Are you now thinking, this doesn’t pertain to me, I’m nice, I’m kind.  What are you doing right now to cultivate compassion and empathy in yourself?  Oh, I agree that we need Anti-bullying campaigns and programming; but, it starts from within.  It’s not easy.  People piss us off and do stupid things and sometimes people make themselves irresistible targets.  The library field is saturated with odd folks and sometimes it is difficult to refrain from making an easy joke about a person’s style, personality quirks, weird hobbies or social awkwardness.  I know this because there have been too many times when I have not refrained and contributed to a culture that ultimately I wanted to see disappear.  Can you go one day without talking about one coworker in front of other coworkers?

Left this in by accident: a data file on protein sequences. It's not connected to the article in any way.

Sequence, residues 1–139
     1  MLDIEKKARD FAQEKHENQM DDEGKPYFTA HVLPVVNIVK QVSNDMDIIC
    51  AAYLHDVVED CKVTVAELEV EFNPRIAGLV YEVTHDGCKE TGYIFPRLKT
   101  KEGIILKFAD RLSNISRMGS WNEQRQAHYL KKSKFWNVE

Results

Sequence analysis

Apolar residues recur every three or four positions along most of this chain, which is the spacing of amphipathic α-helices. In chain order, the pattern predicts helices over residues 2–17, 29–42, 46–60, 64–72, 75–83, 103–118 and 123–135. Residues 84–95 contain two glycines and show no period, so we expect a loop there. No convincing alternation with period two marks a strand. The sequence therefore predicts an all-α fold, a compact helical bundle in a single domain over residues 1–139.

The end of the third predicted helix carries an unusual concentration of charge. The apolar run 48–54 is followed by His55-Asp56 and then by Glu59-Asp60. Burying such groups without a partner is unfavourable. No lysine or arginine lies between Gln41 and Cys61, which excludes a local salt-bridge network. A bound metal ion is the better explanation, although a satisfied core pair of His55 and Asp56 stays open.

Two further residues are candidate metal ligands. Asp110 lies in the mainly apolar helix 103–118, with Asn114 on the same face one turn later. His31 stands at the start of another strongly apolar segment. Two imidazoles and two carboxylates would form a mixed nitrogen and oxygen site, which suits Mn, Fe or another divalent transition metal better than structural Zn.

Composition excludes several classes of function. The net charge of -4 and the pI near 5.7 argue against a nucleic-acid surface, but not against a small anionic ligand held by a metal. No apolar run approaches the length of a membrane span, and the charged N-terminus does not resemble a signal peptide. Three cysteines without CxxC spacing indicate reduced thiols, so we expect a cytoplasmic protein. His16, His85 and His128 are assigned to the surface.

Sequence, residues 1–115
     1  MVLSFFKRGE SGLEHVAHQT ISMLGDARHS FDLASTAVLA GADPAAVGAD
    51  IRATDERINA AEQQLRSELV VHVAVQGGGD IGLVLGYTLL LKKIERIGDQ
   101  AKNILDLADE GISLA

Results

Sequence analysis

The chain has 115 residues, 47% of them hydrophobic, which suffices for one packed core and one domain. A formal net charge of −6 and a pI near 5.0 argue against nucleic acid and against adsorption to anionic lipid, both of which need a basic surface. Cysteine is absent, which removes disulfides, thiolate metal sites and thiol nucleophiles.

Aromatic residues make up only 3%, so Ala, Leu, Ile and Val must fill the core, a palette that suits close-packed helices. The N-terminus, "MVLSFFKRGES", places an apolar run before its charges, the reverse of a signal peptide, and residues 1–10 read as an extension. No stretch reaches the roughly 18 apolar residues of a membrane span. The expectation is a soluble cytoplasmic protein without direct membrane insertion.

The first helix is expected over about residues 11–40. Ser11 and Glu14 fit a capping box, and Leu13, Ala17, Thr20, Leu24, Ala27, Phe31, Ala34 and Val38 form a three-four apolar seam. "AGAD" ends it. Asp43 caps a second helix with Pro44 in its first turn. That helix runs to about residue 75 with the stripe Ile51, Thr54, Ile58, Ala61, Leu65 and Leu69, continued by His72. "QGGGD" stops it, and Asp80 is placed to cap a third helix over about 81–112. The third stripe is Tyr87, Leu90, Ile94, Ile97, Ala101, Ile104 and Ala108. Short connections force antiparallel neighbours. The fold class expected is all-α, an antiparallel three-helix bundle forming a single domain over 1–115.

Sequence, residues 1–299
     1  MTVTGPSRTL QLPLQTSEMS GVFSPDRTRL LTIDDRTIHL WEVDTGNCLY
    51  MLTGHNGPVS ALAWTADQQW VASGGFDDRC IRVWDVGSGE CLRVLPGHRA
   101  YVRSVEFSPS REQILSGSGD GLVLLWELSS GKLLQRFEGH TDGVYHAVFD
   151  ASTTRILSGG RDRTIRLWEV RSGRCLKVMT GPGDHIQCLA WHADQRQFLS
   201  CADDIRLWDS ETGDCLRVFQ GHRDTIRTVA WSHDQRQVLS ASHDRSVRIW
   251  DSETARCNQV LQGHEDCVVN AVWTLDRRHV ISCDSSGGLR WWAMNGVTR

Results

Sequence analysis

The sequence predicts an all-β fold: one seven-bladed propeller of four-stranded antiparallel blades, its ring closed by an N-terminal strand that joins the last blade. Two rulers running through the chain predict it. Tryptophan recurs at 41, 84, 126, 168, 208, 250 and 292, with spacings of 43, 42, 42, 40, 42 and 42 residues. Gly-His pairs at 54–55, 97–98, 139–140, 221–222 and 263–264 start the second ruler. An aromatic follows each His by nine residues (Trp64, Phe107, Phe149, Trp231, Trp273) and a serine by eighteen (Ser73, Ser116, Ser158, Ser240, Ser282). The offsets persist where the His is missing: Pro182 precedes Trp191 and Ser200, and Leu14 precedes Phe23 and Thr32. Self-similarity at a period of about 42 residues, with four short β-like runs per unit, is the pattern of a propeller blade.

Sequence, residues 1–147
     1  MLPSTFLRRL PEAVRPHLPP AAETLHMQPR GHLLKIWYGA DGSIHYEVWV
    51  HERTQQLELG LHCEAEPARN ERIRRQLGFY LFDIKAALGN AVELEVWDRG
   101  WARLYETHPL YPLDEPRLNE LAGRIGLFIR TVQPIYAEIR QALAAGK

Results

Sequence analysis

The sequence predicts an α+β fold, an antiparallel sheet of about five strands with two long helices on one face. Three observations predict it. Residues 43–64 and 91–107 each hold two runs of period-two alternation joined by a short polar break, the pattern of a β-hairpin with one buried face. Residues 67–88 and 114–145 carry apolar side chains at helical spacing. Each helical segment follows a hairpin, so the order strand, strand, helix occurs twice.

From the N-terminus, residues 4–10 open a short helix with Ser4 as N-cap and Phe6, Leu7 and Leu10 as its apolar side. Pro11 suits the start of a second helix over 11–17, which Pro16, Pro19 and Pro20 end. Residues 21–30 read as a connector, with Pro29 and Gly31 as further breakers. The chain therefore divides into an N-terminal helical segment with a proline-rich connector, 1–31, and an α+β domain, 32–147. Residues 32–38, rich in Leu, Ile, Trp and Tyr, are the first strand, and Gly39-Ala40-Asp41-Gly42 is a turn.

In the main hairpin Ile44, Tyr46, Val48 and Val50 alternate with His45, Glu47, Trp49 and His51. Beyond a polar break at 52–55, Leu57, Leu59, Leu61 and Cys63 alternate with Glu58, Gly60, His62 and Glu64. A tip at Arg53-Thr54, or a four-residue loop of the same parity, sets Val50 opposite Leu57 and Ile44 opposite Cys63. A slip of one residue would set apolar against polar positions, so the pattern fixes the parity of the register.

“What we know matters but who we are matters more.” ― Brené Brown,

My friend, the teacher in the story at the top of this post, is one of those rare folks who is kind and thoughtful and nurturing.  She is not perfect.  None of us are perfect.  But, she gently taught those kids something that day.  She taught them something about assessing their own behavior and how it affects others.  And she gave them a safe place to talk about it.

Do that for yourself.  Is there something in your own behavior that needs to be changed.  Do you act towards others as you wish to be acted upon?  Do you have someone in your life that can be your sounding board?  I have a few people in my life that I trust and feel safe telling things that make me deeply vulnerable.  These are people who are also on a similar path; so, I know that they understand that I don’t want some behavior I’m describing to be easily condoned with a “that’s okay” response.  They also don’t judge or use the opportunity to feel superior.  They are my partners in this quest.